Two members of the Names Project team attended the NaCTeM/UKOLN text mining workshop in Manchester on 28-29th October. The event was an opportunity for us to find out how text mining tools have been used within the academic community and to understand the relevance of them to repositories and publishers which are important stakeholders for the Names Project.
The Director of the National Centre for Text Mining (NaCTeM), Sophia Ananiadou, gave a good introduction to the event, explaining that text mining provides annotations to unstructured textual materials which allow semantic enrichment of the text; making implicit knowledge within the materials explicit. A range of perspectives on text mining were then represented, from the academic (linguistics, biology, chemistry and social science) to publishers (Elsevier and the Nature Publishing Group) and service providers (Mimas, EDINA and Microsoft Research).
A theme mentioned by Tony Hey of Microsoft was that if tools like text mining are to be taken up widely by the scientific community (and I presume, by extension, the wider academic world), then they need to be as simple to use as the Web 2.0 tools that are being widely used by general web users. This was echoed in two subsequent talks: Rafael Sidi of Elsevier (who got through an eye-boggling 180 slides in 30 minutes!) emphasised the importance of openness in encouraging innovation and Paul Walk of UKOLN gave us the developers’ point of view, pointing out that access to data without unnecessary obstacles was essential to get the developer community to make use of services.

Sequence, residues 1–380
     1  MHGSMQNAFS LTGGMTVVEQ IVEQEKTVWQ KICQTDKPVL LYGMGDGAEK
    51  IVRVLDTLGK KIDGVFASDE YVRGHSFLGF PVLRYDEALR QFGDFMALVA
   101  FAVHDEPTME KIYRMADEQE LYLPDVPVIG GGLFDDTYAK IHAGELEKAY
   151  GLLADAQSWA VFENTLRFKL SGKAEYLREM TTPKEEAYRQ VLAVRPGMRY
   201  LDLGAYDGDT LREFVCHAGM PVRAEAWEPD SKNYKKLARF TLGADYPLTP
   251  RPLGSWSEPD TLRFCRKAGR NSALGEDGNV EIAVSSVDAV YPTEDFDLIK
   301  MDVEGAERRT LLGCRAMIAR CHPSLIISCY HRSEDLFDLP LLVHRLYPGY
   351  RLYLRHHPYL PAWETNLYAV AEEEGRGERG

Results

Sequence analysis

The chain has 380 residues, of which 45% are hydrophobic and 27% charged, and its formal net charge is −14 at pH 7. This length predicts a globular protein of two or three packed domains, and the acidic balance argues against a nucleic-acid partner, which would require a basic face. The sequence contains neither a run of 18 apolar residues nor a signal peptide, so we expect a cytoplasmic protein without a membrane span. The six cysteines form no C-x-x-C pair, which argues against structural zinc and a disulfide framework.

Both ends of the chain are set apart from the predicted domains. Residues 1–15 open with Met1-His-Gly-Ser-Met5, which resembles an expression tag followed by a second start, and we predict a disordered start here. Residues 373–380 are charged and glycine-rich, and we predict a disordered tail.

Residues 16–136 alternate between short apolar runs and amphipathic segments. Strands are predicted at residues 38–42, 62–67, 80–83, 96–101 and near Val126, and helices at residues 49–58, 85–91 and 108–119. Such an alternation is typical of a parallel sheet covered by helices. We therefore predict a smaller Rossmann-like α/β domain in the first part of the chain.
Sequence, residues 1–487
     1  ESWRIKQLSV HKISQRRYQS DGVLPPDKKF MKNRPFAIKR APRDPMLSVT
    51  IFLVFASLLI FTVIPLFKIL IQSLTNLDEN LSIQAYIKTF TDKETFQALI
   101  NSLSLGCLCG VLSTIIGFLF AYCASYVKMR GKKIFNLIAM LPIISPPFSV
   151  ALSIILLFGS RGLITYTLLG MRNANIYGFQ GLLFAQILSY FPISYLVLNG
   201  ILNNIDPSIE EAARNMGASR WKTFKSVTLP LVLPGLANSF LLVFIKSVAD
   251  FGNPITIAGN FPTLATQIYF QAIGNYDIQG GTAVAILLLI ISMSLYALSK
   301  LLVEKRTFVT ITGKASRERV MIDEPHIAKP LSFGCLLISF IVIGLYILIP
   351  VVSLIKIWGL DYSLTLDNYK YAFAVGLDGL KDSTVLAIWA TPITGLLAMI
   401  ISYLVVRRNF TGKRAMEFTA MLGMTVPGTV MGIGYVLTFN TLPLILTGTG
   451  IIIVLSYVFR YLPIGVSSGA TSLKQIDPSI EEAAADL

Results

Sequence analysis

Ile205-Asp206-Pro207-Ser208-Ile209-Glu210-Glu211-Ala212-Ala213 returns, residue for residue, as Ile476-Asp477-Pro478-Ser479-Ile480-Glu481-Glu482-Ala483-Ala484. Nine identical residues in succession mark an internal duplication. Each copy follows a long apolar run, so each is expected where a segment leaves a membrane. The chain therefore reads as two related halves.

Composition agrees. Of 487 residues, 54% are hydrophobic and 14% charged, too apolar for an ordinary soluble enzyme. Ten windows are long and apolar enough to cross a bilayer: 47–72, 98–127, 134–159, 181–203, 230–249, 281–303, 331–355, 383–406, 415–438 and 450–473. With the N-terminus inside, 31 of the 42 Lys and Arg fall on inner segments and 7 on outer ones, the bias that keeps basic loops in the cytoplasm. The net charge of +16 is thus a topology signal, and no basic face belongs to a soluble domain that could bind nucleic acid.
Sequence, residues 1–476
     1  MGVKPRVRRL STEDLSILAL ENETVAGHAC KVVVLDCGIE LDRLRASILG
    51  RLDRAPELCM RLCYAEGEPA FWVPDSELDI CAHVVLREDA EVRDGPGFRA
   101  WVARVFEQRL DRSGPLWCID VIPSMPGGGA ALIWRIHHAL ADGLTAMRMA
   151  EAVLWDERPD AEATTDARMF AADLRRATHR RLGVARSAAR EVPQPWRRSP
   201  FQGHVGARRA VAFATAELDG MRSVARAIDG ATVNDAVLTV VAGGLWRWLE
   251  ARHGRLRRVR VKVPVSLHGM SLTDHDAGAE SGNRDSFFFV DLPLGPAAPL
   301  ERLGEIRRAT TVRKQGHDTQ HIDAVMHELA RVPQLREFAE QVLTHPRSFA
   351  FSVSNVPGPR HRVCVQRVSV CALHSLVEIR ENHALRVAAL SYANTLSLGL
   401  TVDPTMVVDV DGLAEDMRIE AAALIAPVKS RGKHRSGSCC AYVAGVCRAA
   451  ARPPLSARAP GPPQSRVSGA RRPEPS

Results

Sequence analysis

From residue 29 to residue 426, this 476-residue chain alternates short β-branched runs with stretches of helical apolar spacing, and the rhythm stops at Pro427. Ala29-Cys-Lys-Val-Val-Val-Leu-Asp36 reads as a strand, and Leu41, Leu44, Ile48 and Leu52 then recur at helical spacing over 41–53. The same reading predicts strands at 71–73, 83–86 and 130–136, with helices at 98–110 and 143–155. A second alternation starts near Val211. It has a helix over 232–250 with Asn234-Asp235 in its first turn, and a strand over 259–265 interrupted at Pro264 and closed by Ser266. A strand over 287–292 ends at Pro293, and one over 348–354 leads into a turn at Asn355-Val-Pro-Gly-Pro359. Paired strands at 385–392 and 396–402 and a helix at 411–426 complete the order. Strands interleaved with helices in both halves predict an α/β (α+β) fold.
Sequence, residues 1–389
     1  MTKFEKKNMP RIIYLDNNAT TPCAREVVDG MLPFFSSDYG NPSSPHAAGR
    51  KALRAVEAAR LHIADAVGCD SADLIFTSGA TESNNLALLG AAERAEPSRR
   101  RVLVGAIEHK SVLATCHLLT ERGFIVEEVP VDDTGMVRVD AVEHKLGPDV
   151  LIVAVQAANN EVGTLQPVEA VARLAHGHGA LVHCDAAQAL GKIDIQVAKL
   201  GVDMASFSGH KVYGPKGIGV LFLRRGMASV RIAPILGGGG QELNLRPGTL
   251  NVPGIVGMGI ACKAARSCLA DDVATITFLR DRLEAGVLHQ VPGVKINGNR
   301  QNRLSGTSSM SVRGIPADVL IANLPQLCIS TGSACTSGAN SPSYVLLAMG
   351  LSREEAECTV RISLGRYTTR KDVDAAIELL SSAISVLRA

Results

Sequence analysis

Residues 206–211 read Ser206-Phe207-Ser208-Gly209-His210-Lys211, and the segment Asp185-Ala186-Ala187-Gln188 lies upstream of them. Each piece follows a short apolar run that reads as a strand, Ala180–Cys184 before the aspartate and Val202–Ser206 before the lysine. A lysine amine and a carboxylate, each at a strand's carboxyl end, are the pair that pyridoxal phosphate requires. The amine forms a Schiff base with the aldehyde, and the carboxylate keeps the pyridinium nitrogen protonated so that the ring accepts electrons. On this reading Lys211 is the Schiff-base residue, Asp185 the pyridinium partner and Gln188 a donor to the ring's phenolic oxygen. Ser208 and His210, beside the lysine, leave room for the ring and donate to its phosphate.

The closing session allowed a panel of six experts to give their view of the future of text mining, particularly in the context of institutional repositories. Areas that were seen as important were involving end-users in evaluating the effectiveness of text-mining tools (comparing results to those that can be obtained using manual methods); improving repository metadata by using automatic classification of full-text materials such as theses and papers; searching across multiple repositories; developing standards for semantically annotating materials and recording the provenance of those annotations; capturing work-in-progress information generated by researchers that does not get formally published (e.g. laboratory workbooks recording unsuccessful experiments). One issue that (inevitably) generated a lot of discussion was the problem of getting permission to use full-text materials for text-mining purposes given restrictions imposed by copyright laws and by publishers who put limits on annotation of their articles.
Thanks to UKOLN and NaCTeM for organising an interesting event which gave all the attendees plenty to think about and to discuss.
The British Library are recruiting an Analyst for the Names Project. The information below is taken from the job details on their recruitment site.
Location: Boston Spa, Yorkshire
Position Type: Fixed Term
Salary: £22,063 – £23,896
Fixed term appointment for 2 years
Closing date: 18 October 2009
A. Rose by any other name might be, “Alex” to her friends, “Dr. Alexandra Rose”, to her students, “Dr. Alexandra N. Rose”, to her funders and, “A.N. Rose, PhD”, to her publishers; and she is not the only A. Rose. For the higher education and research communities identification of researchers and authors is difficult. The Names 2 Project aims to develop innovative and scalable solutions to problems of identification, attribution and affiliation.
We are recruiting an Analyst to help turn this project from a concept to a service. This is a full time, fixed term post, funded for 2 years by JISC (Joint Information Systems Committee). Names 2 is led by Mimas, based at the University of Manchester.
The successful candidate will have excellent communications skills and work effectively to deadlines. Experience of cataloguing at a professional level, using internationally recognised standards is essential. First hand knowledge or experience of institutional repositories or authority control will be an advantage. The post holder will work as part of a distributed project team.
For an informal discussion about this role please contact Alan Danskin on 01937 546669.